For a while, the conventional wisdom in NYC has been that if you want good Greek food, you go to Astoria. In fact, I did that very thing just a few months ago. But on the busy intersection of Second Avenue and 2nd Street, in a space that has seen quite a bit of turnover in the past few years, the Greek restaurant Boukies recently opened to offer the East Village a taste of upscale Greek cooking. Although we've written before about how great the lamb is, I stopped by on a recent summer evening to sample the vegetarian fare.
Based on the menu, I'm guessing that the work "boukies" translates into "small bites," and most of the menu is devoted to small plates of sharable dishes. First up: flaounes me feta kai meli ($10, pictured above), tubes of phyllo filled with feta cheese and drizzled with honey. My first bite was a surprise; instead of the crisp shell of pasty I was expecting, the phyllo was soft, almost like biting into a fried doughnut, which then gave way to the aggressive flavor of feta. The sweet honey cut through both the tang of the cheese and the butter of the phyllo in a pleasing way. Some grinds of black pepper would have been the perfect addition.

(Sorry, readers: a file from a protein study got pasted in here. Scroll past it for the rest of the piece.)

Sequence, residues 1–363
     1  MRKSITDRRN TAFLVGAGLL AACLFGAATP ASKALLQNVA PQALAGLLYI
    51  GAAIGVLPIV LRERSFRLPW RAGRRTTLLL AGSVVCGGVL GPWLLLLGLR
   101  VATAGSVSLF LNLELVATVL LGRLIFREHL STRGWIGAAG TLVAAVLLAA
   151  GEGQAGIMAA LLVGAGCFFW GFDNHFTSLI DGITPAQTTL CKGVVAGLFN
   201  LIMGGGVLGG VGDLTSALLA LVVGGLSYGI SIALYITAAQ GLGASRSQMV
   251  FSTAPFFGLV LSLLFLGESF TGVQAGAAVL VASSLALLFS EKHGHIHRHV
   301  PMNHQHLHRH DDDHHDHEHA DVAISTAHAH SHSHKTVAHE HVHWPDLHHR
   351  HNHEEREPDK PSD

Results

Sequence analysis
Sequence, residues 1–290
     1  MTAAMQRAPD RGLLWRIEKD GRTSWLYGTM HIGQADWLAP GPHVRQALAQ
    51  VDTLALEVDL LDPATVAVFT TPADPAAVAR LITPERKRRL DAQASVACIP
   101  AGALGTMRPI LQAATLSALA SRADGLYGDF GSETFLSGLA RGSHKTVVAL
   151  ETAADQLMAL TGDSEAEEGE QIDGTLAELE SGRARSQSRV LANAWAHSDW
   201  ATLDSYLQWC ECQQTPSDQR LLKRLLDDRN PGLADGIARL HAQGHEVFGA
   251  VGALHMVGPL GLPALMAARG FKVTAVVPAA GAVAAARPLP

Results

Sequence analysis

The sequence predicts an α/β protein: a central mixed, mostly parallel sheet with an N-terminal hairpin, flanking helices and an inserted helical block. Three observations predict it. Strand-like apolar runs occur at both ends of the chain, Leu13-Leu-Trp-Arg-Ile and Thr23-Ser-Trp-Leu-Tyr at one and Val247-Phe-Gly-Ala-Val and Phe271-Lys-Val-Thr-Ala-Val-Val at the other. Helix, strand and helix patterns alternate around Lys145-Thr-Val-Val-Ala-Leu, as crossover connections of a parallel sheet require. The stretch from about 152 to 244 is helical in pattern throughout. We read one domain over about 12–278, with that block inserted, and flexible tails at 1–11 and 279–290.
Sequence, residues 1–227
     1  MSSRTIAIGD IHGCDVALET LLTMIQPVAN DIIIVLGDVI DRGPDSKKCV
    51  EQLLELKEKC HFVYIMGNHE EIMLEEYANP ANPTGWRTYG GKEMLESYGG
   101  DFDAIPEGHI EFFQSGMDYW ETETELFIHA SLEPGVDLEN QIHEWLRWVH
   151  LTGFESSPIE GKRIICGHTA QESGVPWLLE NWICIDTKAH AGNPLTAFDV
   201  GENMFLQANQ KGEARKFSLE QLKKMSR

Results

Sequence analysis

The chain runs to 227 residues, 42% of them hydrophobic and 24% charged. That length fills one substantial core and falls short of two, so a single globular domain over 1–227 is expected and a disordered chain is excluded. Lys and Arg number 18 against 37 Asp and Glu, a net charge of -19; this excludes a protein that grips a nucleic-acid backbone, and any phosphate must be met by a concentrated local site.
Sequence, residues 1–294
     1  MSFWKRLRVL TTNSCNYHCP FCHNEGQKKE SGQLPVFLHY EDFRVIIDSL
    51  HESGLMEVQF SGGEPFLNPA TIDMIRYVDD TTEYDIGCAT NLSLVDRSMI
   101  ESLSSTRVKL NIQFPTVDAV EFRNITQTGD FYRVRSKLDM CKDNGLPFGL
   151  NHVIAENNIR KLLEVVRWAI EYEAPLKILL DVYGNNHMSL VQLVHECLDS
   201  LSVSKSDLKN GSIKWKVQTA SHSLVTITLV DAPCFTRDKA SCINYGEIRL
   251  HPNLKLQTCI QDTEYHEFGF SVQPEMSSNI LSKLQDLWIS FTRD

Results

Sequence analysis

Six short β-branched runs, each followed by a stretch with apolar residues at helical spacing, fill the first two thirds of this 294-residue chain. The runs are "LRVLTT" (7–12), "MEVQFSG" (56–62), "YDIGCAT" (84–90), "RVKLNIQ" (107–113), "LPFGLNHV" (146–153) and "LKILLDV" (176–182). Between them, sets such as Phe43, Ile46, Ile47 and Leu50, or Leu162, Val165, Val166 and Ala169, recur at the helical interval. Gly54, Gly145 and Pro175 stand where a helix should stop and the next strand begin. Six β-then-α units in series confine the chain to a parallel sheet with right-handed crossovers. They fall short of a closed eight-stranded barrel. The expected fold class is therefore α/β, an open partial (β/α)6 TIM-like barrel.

Next came my order of revithia, melitzanes v. elladitika, aromatiki saltsa domatas ($10). It's a long name for a relatively simple dish of chickpeas and eggplant in a cinnamon-scented tomato sauce. The dish was surprisingly sweet and could have used a bit more salt, but cinnamon adds some definite interest, and its sweet-spicy flavor asserted itself the more I ate. The chickpeas are the real focus of this dish, cooked just long enough to qualify as al dente. The eggplant was cooked so soft that it disappeared in the sauce; I would have liked for it to have more of a focus in this dish.
Finally I tried another phyllo creation, the manitaropitakia nymfaio ($12). How could I ignore a name like that? Said to be of northern Greek origin, these phyllo tubes had the same texture as the feta ones I had eaten earlier, but the filling could not have been more different. Here the center of attraction is mushrooms, chopped fine and cooked down to accentuate their earthy flavor. I also detected the sour twang of white wine.
Although not everything I ate at Boukies was great, it was all interesting. I still think that a trip to Astoria is your best bet for good Greek food, but as a more Manhattan-centric alternative (with pretty outdoor seating), Boukies is certainly worth a visit.
About the author: Howard Walfish is a Virginia native who has been living in New York since 2003. He is, in fact, a vegetarian, and is the co-founder of Eat to Blog and the creator of BrooklynVegetarian.